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Families of Aurora theater shooting victims call on Warner Bros. to support gun control ahead of "Joker" release

Alarmed by violence depicted in a trailer for the upcoming movie "Joker," some relatives of victims of the 2012 Aurora movie theater shooting asked distributor Warner Bros. on Tuesday to commit to gun control causes. Sandy Phillips' daughter, Jessica Ghawi, was one of 12 people killed during a midnight showing of the Batman film, "The Dark Knight Rises," also distributed by Warner Bros.

Phillips said she and four other people who lost loved ones in Aurora sent a letter to Warner on Tuesday, asking the studio to lobby Congress for gun control, support survivor programs and end any contributions to politicians backed by the National Rifle Association.

"When we learned that Warner Bros. was releasing a movie called 'Joker' that presents the character as a protagonist with a sympathetic origin story, it gave us pause," the letter reads. "We want to be clear that we support your right to free speech and free expression. But as anyone who has ever seen a comic book movie can tell you: with great power comes great responsibility."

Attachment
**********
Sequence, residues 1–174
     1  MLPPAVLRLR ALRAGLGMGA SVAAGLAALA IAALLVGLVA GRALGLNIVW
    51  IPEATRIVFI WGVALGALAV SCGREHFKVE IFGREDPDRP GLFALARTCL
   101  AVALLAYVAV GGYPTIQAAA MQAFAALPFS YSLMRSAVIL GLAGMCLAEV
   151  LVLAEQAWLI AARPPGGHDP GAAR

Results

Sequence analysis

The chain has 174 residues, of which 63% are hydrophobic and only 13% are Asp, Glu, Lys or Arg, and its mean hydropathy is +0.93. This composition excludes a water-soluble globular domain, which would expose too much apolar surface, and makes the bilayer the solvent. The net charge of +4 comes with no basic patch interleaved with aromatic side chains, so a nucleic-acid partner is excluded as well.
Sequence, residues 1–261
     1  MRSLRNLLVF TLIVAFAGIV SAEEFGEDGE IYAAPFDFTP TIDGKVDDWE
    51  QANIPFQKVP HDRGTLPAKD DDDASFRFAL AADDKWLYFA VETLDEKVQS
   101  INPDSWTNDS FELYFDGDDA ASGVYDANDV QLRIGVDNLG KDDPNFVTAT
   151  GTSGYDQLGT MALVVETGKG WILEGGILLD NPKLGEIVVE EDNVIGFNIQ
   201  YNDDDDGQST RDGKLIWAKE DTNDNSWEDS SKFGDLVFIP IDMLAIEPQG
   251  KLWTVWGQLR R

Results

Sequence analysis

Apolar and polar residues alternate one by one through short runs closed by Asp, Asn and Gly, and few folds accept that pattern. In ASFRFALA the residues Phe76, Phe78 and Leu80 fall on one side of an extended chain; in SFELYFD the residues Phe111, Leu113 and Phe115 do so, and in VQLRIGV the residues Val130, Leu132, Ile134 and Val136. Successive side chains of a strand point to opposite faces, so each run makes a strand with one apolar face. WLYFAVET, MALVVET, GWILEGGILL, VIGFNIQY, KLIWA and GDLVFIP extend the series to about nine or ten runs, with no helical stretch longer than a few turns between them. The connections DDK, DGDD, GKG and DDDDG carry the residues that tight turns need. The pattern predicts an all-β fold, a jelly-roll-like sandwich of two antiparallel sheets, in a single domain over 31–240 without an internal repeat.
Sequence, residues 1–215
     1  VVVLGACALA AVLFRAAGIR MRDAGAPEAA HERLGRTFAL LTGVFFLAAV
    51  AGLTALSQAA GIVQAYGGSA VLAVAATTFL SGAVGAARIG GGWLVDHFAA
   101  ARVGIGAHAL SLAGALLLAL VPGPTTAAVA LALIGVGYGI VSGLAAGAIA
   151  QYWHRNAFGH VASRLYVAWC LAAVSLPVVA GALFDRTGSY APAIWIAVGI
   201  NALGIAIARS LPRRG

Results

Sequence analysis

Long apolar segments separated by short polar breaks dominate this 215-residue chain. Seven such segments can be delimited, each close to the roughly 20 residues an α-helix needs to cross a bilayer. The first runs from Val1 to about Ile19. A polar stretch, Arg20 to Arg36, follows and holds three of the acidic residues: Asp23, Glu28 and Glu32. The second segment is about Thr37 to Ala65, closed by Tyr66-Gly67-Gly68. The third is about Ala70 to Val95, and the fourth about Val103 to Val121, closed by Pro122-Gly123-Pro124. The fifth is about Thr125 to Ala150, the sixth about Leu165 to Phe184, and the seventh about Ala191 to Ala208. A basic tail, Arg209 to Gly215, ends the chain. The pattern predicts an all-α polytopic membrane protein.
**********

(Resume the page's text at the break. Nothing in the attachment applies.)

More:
Verdict Reached In Colorado Theater Shooting Trial
Lonnie and Sandy Phillips, the parents of shooting victim Jessica Ghawi, speak after a verdict was delivered in the trial of James Holmes at the Arapahoe County Justice Center on July 16, 2015 in Centennial, Colorado. Getty

Warner issued a statement later Tuesday saying it has always supported victims of gun violence and calling on policymakers to enact bipartisan legislation to address what it called an epidemic.

Phillips said she was compelled to act after seeing a trailer for "Joker," the name of the Batman villain portrayed by Joaquin Phoenix in the film being released October 4.
 
Phillips' support group, "Survivors Empowered," and activist Igor Volsky of Guns Down America sent the letter to Warner CEO Ann Sarnoff.

"Companies like Warner have real leverage where Congress has failed," said Volsky, citing recent actions by Walmart to stop selling handgun and short-barrel rifle ammunition after a string of mass shootings. "That's why we are not calling for a boycott of this film. They have an opportunity to lead on this issue."

"Joker" has been the subject of much debate since it premiered late last month at the Venice International Film Festival, where it won the top prize. It's also expected to be a major awards contender.

The film is a character study of how Arthur Fleck, a mentally ill aspiring stand-up comedian and clown-for-hire, becomes the classic Batman nemesis.

The Aurora theater was remodeled and renamed after the 2012 shooting that also wounded 58 people. James Holmes was convicted of murder and sentenced to life in prison without parole.

Reached by telephone, an employee at Century Aurora and XD told The Associated Press on Tuesday that there were no immediate plans to show "Joker" at the theater.

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